This email spells out succinctly and powerfully the need for a new Diaspora New Malaysia civil movement both in Malaysia and worldwide so that the building of a New Malaysia can tap this great resource of skill, knowledge, experience, enthusiasm and passion to be found in the Malaysian Diaspora worldwide.

Malaysians in Perth, Canberra, Sydney and Melbourne have expressed their interest in having a Diaspora New Movement in their respective cities to be followed by the formation of Diaspora New Malaysia Australia.

After my meetings with Malaysians in Christchurch, Dunedin, Wellington and Auckland, a protem committee of Diaspora New Malaysia New Zealand has been formed, which would be followed by the formation of Diaspora New Malaysia in Christchurch, Dunedin, Wellington and Auckland.

I think the time has come for the formation of Diaspora New Malaysia in other cities, countries and continents so that Malaysians worldwide can contribute and participate in the building of a New Malaysia, whether in Australia, New Zealand, China, United Kingdom, United States, Canada, Taiwan, Japan, Indonesia, United Arab Emirates, Qatar or any other country.

Those who are interested in the idea and movement of a Diaspora New Malaysia worldwide can give their thoughts through email to Mr Syahredzan Johan, Diaspora New Malaysia secretariat at [email protected]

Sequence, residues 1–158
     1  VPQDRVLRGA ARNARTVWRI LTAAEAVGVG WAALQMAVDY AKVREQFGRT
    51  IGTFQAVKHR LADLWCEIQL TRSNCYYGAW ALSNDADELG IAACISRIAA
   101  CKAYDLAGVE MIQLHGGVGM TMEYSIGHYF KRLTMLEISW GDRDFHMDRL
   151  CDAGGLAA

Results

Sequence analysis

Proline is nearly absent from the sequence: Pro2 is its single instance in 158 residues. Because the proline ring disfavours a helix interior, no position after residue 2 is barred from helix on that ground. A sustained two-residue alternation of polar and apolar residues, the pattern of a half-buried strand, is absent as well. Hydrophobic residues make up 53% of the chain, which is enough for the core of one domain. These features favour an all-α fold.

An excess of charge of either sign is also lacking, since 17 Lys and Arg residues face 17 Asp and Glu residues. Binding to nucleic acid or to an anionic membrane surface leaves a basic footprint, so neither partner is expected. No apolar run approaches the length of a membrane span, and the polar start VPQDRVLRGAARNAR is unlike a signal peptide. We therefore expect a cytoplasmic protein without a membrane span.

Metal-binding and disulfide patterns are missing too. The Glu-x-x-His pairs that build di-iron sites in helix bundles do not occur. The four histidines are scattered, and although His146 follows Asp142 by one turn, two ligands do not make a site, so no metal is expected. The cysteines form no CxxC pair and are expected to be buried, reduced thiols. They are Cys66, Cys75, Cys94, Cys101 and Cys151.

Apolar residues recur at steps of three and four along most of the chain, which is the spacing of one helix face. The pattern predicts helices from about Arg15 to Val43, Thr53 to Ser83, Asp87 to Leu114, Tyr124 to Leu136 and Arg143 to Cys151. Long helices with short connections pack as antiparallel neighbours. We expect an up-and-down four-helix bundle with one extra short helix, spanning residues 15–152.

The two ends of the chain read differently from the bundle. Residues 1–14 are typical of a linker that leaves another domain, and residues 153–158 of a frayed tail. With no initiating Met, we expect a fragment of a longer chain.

(Media Statement by DAP MP for Iskandar Puteri Lim Kit Siang in Kuala Lumpur on Monday October 1, 2018)

  1. #1 by Jeffrey on Monday, 1 October 2018 - 10:38 am

    How does one address legitimacy of Diaspora migrants seeking to contribute to and participate in the building of New Malaysia? Questions : if they are committed to Malaysia’s interests why do they leave? Do they participate to improve things here so that we improve here they may return or otherwise they stay put in their receiving countries? In bersih Malaysians here paid cost of facing FRU’s chemical laced water cannons. Will this
    ‘benefit only no cost’ and ‘best of both worlds’ stance be construed as opportunistic and hence undermine moral legitimacy of this Movement? And aren’t they supposed to integrate and participate fully in the countries that receive them, and therefore opportunistic to these too?

  2. #2 by FreeAsian on Tuesday, 2 October 2018 - 8:54 am

    Hi Jeffrey, I think it is a mistake to question the commitment of the Malaysian diaspora towards a better Malaysia. They played a significant role in Global Bersih which brought the world’s attention to Malaysia. They might have left seeking better lives for themselves and their offspring, but this need not mean that they are not committed to Malaysia’s interest – after all, Malaysia remains their homeland. Besides, don’t be surprised that such people may contribute tremendously to the betterment of Malaysia than those who have stayed behind because they will have learnt new and worthwhile skills, knowledge, and thinking that they could only have learnt in developed first world countries. I think both the population that remained behind in Malaysia, and that which left to become the diaspora, can together build a much stronger and more resilient and progressive Malaysia.